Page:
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Adaptive ski camp

Adaptive skiing totally turned things around for me after my accident, it made me smile again and realise that anything is possible. No other sport I’ve tried since brings anywhere near the sense of freedom skiing does. So I was desperate to offer a camp to enable others to get the same enjoyment, but was also aware of what a challenge this would be.

In March, Access Adventures hosted our first alpine ski camp. Logistically, this is one of the most complicated adaptive sports camps for us to organise. All the adaptive equipment needed for a large number of disabled skiers had to be sourced, willing volunteers had to be persuaded to accompany us, plus suitable accommodation for a group that included 6 wheelchair users had to be found, with space to store our huge pile of adaptive equipment. Many places that advertise themselves as ‘ski in ski out’ have a flight of steps to get onto the snow; level access was a priority so that the disabled skiers could be as independent as possible.

After checking out many, many, places on our recce the previous year, we came across the UCPA hostel in Val Thorens. Also a non-profit organisation, they have a similar ethos to Access Adventures - their mission is to make outdoor sports and activities widely available to as many people as possible and they talk about a ‘spirit of adventure’. It felt like a perfect match and although they don’t usually deal with disability groups, they were incredibly accommodating.

After checking out many, many, places on our recce the previous year, we came across the UCPA hostel in Val Thorens. Also a non-profit organisation, they have a similar ethos to Access Adventures - their mission is to make outdoor sports and activities widely available to as many people as possible and they talk about a ‘spirit of adventure’. It felt like a perfect match and although they don’t usually deal with disability groups, they were incredibly accommodating.

Most of our disabled participants required a sit-ski - a bucket seat suspended above a ski that allows you to make turns using your upper body and outriggers, which are ski poles with mini ski tips on the end. I managed to rent the required number from various locations, then we just had to transport them the 796 miles to Val Thorens.

Luckily, I had the Ford S-Max to come to my rescue! Myself and a friend loaded the car & roof-box with 6 sit-skis, 7 pairs of outriggers, 7 pairs of skis, a huge tool box, a plethora of padding to get the seating correct for people, and spare wheelchair wheels. This left just enough space for us (and my wheelchair)! The journey was great, most of it on quiet scenic French autoroutes, although the number of toll roads is always horrifying!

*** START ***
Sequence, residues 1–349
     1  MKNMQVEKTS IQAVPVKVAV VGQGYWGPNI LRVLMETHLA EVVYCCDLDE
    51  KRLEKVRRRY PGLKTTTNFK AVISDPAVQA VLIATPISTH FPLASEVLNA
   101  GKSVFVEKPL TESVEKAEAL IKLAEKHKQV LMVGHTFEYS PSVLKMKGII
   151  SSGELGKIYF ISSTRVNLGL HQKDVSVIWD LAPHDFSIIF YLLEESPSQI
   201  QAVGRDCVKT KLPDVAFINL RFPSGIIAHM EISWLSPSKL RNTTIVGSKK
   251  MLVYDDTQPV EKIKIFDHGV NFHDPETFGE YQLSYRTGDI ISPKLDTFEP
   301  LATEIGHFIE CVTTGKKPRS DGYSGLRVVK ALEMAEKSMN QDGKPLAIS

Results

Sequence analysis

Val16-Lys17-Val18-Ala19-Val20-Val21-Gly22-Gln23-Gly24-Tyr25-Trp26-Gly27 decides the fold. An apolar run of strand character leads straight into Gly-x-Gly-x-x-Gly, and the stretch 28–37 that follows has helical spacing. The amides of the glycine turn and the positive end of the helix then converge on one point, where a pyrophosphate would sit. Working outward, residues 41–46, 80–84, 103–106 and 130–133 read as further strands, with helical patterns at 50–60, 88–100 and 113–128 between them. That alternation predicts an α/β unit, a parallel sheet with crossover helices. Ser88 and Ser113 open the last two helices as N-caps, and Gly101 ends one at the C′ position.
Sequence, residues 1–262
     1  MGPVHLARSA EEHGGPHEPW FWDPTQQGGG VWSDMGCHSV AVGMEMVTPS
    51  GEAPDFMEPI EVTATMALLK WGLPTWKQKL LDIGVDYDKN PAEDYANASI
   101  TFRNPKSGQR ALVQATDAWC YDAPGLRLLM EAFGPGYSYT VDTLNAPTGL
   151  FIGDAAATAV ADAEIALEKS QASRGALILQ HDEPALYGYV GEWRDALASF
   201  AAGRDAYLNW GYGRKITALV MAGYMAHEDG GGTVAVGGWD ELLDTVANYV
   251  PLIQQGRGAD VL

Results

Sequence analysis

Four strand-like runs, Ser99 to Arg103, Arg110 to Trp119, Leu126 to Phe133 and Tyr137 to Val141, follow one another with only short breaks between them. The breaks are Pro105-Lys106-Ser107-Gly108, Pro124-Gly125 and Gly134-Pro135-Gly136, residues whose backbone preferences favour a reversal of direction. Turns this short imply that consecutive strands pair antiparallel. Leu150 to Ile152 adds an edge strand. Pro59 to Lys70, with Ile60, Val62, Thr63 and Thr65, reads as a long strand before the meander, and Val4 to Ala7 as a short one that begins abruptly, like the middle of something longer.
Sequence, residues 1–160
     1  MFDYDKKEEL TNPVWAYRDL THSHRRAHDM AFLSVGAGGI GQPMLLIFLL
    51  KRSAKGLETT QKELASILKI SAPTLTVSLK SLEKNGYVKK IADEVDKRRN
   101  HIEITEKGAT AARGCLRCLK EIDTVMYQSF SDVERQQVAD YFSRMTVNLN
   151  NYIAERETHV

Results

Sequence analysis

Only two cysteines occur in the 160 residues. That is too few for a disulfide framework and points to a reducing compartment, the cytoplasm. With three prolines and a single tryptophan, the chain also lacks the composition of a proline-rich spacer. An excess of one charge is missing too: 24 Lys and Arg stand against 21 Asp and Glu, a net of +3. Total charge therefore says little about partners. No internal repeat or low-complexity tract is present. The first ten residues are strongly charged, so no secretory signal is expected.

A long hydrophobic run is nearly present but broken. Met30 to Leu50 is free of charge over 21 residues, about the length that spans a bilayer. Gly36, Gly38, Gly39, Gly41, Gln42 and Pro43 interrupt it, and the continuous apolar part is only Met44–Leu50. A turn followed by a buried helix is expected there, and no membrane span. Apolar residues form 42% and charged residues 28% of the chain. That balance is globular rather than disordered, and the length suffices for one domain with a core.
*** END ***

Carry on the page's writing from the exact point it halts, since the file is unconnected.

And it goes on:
It snowed heavily on the evening the participants arrived; we awoke to clear blue skies and perfect powder for their first day on the slopes. Sit-skiing can be initially daunting; it’s impossible to learn without a few hard falls along the way. Our newer sit-skiers faced the challenge head on though. It’s not about how many times you fall, but how many times you get back up. By the end of the week they were carving up the whole mountain, overtaking shocked able-bodied skiers on their way down!

There’s something about being in the mountains that’s good for the soul – being surrounded by the stunning French Alps is hard to beat. Val Thorens is the highest ski resort in Europe, sitting at 2300m, so is pretty much guaranteed decent snow even towards the end of the season. The altitude of the resort can also be a bad thing though, with high winds and bad visibility a fairly regular occurrence. It’s well above the tree line, so if the weather sets in it can be a white wilderness. However, we had pretty much perfect conditions all week and felt incredibly lucky. Clear blue skies, warm temperatures, great snow – what more could anyone ask for?

Our stay at the UCPA was all-inclusive, so we returned to the centre for lunch or made a sandwich at breakfast to take with us. There’s a lovely decked balcony area to sit out on after a hard day skiing, soaking up the last rays and drinking a celebratory beer. The atmosphere in the UCPA is always buzzing, with people from all backgrounds sharing a common love of snowsports.

The best quote came towards the end of the trip from one of the sit-skiers – “It’s made life seem worth living again” That just summed up everything for me and made all the hard work more than worthwhile. We can’t wait to start planning our next one!

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